Making the case for one round, one dead bird

by Larry Case

Ok, I said I wasn’t going to do it this early, but here we are.

Do what? Well, start talking about turkey shotguns, of course. I like to think we can get through February before we start all the hoopla about tight choke tubes, TSS, which camo pattern is best, and so on. But really, I guess it is time, as tomorrow we will soon witness the spectacle of what Phil the groundhog will do when he gets up from a mid-winter nap and peeks outside to see how deep the snow is…or isn’t.

Now, don’t get me wrong. I love the whole turkey shotgun world — all of it — as witnessed by the number of said shotguns stashed around the house, at the Turkey Track Lodge (hunting camp), and probably a few in the truck. It’s just that I sometimes think there might not be anything new under the sun.

Well, I was wrong.

Henry Repeating Arms, maker of fine rifles and shotguns, has something new for the turkey hunter this year — the Single Shot Turkey Camo Shotgun.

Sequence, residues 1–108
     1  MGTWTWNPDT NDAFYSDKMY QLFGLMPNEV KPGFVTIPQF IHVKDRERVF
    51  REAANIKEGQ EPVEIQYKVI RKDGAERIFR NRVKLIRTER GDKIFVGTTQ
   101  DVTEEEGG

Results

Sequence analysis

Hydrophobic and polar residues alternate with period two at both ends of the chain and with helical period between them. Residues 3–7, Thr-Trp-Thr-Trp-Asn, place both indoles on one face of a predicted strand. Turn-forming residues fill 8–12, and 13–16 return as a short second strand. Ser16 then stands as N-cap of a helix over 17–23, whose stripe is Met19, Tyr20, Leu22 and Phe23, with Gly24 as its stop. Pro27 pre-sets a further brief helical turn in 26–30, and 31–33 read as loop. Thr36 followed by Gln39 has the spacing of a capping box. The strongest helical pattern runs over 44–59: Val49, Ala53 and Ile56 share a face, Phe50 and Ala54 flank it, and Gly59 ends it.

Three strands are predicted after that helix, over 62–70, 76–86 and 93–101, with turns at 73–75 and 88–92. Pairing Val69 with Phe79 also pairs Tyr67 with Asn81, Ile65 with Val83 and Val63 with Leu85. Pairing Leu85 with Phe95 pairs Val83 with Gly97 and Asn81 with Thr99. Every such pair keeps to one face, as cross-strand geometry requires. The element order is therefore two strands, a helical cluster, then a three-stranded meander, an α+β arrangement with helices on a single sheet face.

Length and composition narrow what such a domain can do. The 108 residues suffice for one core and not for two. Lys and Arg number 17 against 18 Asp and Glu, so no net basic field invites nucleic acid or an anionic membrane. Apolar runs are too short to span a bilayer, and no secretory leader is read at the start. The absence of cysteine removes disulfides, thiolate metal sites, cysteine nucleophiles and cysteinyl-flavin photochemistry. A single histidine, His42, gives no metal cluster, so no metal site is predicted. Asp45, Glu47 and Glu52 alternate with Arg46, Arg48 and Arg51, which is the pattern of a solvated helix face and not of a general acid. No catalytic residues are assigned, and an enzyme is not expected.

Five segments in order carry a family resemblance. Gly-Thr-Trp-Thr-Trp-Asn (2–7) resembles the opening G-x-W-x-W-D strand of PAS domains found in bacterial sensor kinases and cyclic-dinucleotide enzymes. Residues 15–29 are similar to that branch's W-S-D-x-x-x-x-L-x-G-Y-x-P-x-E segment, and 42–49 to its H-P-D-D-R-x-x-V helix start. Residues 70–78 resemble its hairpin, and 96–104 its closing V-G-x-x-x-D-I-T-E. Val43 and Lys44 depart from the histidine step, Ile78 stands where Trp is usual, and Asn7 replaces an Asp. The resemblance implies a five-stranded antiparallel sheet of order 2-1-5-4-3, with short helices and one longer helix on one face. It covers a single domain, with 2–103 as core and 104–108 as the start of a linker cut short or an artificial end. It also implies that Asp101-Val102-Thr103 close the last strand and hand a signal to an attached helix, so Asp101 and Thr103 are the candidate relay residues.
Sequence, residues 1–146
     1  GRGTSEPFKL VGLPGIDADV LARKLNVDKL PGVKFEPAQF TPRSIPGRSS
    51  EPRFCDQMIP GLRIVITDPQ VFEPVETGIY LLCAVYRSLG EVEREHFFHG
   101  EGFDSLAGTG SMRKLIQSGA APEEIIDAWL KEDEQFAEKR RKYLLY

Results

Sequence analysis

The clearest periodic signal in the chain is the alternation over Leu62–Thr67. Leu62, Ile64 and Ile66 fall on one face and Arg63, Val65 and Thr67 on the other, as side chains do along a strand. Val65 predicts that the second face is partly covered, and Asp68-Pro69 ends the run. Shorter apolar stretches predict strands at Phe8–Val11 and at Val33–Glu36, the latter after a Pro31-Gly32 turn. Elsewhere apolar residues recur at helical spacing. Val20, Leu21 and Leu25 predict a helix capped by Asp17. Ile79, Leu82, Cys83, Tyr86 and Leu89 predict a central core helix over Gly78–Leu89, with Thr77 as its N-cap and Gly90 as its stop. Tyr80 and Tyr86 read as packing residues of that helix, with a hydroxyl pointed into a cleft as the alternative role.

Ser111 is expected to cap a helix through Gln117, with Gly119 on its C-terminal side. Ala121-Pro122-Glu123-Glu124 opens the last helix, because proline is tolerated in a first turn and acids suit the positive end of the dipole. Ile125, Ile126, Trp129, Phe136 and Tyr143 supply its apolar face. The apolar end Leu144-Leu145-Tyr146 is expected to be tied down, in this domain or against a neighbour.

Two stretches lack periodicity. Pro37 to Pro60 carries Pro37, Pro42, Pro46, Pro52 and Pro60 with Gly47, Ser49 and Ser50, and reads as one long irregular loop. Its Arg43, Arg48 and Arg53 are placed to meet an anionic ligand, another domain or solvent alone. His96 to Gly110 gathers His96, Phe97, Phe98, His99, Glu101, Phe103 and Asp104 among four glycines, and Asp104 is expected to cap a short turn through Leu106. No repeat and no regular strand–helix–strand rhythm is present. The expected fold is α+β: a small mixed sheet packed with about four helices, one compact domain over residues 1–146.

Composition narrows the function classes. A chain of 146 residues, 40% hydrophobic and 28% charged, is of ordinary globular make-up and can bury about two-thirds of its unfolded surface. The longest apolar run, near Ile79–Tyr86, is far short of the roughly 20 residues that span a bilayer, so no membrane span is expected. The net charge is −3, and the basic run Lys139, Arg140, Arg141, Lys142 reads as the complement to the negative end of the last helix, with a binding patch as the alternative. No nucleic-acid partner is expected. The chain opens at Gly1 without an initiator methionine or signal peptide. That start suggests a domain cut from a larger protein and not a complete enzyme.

“A single shot turkey shotgun,” you say? Why?

Simplicity is the first thought that comes to mind. Do you really need a second shot on spring gobbler calling scenarios? Not very often.

Front to back, this is a rugged, rock-solid, no-frills shotgun meant to take to the woods and bring back big, long-spurred gobblers.

Well, I said “no frills,” but you may want to put the fiber optic front sight and the fully adjustable fiber optic rear sight in that category. That fully adjustable part is important. An adjustable rear sight on a turkey shotgun allows you correctly sight in you gun so you know exactly where your pattern is going at different yardages. Plain beads or non-adjustable sights do not allow this. For those that want to install an electronic optic, the Henry comes drilled and tapped to accommodate a Weaver 82 scope base.

Also, from front to back, the shotgun is decked out in Mossy Oak Obsession camo. The stock and forearm are American walnut under the Mossy Oak camo, and that is significant. Most companies would not put a good wooden stock under full camo, but Henry did. Usually, you get a hollow synthetic stock, which is little help for the type of magnum loads you may be shooting in this gun. The walnut stock is going to help with the magnum loads, including those in the 3 ½-inch variety.